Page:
Characterization of X-linked hypohidrotic ectodermal dysplasia (XL-HED) hair and sweat gland phenotypes using phototrichogram analysis and live confocal imaging
Article first published online: 17 MAY 2013
Copyright © 2013 Wiley Periodicals, Inc.
American Journal of Medical Genetics Part A
Volume 161, Issue 7, pages 1585–1593, July 2013
How to Cite
2013. Characterization of X-linked hypohidrotic ectodermal dysplasia (XL-HED) hair and sweat gland phenotypes using phototrichogram analysis and live confocal imaging. Am J Med Genet Part A 161A:1585–1593., , , , , , , , , , , , , .
Conflict of interest: Edimer Pharmaceuticals provided funding for the study as well as technical assistance. The academic authors independently analyzed all data. Additionally, the decision about where and what to publish was decided solely by the first and corresponding authors.
- Issue published online: 19 JUN 2013
- Article first published online: 17 MAY 2013
- Manuscript Accepted: 9 FEB 2013
- Manuscript Received: 7 DEC 2012
- National Institutes of Health. Grant Numbers: F30-DE022509, F30-DE022205, K99-DE022059, R01-DE021420
- Edimer Pharmaceuticals
- X-linked hypohidrotic ectodermal dysplasia;
- sweat gland;
- terminal hair;
- confocal imaging;
- pilocarpine iontophoresis;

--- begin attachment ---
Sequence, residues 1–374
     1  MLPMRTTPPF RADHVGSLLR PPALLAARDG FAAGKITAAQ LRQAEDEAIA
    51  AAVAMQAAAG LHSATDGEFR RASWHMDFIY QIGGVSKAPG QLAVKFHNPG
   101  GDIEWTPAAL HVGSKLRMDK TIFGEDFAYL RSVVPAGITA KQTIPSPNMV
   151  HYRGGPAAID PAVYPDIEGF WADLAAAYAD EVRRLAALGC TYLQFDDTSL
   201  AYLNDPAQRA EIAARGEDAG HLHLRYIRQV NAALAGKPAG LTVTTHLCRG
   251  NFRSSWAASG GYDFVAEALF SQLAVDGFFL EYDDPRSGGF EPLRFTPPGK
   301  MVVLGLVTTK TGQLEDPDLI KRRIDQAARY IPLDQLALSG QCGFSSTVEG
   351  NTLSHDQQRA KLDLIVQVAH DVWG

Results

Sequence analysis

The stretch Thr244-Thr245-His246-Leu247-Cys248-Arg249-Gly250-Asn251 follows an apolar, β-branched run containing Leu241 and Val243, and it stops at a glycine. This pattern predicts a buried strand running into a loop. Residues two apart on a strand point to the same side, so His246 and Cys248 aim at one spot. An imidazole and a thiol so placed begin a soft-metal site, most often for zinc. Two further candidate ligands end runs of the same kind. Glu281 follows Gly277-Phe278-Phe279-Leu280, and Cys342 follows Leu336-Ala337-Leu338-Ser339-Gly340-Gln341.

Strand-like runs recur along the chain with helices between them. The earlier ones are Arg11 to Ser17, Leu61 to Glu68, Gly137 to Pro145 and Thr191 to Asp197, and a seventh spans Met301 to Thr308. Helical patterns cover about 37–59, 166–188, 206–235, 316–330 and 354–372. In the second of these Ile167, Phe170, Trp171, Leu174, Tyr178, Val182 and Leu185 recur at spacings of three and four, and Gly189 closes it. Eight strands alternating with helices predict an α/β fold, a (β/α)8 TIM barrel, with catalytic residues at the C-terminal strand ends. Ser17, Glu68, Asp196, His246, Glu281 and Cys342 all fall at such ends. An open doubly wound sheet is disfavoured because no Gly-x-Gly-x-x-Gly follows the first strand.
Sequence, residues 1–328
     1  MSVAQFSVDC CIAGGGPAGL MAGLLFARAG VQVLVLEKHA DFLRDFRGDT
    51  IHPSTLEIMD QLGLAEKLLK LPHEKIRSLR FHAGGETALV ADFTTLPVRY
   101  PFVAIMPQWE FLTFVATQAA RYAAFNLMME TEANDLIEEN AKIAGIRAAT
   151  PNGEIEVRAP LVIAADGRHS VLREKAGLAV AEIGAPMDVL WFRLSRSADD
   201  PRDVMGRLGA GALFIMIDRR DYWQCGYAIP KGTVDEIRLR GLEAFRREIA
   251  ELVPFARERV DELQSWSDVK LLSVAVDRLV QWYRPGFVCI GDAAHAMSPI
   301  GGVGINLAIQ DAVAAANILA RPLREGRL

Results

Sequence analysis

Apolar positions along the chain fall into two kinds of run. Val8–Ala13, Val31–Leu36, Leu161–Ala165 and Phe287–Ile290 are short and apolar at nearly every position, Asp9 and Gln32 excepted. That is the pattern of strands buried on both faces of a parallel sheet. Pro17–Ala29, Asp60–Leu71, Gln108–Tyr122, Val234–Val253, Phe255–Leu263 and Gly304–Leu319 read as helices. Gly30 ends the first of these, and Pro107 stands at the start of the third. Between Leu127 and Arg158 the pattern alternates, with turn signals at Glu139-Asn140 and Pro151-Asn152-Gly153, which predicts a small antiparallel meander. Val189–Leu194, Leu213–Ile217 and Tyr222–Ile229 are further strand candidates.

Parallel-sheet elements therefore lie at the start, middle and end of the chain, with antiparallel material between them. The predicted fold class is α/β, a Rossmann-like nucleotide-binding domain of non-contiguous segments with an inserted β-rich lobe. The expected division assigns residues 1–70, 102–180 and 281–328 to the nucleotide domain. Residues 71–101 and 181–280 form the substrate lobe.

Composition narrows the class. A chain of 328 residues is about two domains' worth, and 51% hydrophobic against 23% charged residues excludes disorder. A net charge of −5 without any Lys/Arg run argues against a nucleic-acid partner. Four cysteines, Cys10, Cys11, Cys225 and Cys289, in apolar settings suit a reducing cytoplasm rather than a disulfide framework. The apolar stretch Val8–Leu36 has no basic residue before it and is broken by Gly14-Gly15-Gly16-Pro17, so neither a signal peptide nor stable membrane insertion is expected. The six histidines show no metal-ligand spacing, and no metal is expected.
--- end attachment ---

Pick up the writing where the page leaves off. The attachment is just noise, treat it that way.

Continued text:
Hypohidrotic ectodermal dysplasia (HED) is the most common type of ectodermal dysplasia (ED), which encompasses a large group of syndromes that share several phenotypic features such as missing or malformed ectodermal structures, including skin, hair, sweat glands, and teeth. X-linked hypohidrotic ectodermal dysplasia (XL-HED) is associated with mutations in ectodysplasin (EDA1). Hypohidrosis due to hypoplastic sweat glands and thin, sparse hair are phenotypic features that significantly affect the daily lives of XL-HED individuals and therefore require systematic analysis. We sought to determine the quality of life of individuals with XL-HED and to quantify sweat duct and hair phenotypes using confocal imaging, pilocarpine iontophoresis, and phototrichogram analysis. Using these highly sensitive and non-invasive techniques, we demonstrated that 11/12 XL-HED individuals presented with a complete absence of sweat ducts and that none produced sweat. We determined that the thin hair phenotype observed in XL-HED was due to multiple factors, such as fewer terminal hairs with decreased thickness and slower growth rate, as well as fewer follicular units and fewer hairs per unit. The precise characterization of XL-HED phenotypes using sensitive and non-invasive techniques presented in our study will improve upon larger genotype–phenotype studies and the assessment of future therapies in XL-HED. © 2013 Wiley Periodicals, Inc.